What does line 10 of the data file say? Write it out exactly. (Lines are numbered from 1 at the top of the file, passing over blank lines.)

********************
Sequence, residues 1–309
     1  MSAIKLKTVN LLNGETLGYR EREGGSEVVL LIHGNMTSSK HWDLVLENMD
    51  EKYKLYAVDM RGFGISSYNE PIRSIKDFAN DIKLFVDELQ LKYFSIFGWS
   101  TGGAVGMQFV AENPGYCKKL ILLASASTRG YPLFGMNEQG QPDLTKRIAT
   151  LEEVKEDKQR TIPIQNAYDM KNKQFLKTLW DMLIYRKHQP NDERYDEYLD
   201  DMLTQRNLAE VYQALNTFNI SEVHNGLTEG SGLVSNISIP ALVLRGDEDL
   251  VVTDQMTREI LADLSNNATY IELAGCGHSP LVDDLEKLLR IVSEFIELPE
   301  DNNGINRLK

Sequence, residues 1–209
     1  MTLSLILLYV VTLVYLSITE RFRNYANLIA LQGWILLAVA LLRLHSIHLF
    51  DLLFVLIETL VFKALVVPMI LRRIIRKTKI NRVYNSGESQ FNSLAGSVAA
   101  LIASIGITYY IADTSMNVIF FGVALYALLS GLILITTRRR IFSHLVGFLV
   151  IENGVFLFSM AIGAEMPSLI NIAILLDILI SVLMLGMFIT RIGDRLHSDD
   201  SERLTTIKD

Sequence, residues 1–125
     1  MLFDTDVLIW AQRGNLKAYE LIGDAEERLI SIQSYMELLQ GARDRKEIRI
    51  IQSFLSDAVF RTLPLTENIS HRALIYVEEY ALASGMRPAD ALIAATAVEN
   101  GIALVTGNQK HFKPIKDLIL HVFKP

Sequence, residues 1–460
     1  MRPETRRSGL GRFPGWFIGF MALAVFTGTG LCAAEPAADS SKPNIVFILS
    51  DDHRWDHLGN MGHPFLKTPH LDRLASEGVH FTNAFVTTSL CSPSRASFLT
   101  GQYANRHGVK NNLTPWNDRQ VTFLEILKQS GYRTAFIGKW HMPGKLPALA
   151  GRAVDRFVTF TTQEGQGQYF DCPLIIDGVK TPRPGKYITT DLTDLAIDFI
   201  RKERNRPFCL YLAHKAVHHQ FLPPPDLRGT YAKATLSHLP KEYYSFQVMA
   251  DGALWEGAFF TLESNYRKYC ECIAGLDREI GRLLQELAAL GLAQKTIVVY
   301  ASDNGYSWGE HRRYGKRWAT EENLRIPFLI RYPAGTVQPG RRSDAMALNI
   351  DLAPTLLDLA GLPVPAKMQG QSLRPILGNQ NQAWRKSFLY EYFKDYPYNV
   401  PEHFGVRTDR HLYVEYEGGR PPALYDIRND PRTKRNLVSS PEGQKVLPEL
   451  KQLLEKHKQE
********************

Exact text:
     1  MTLSLILLYV VTLVYLSITE RFRNYANLIA LQGWILLAVA LLRLHSIHLF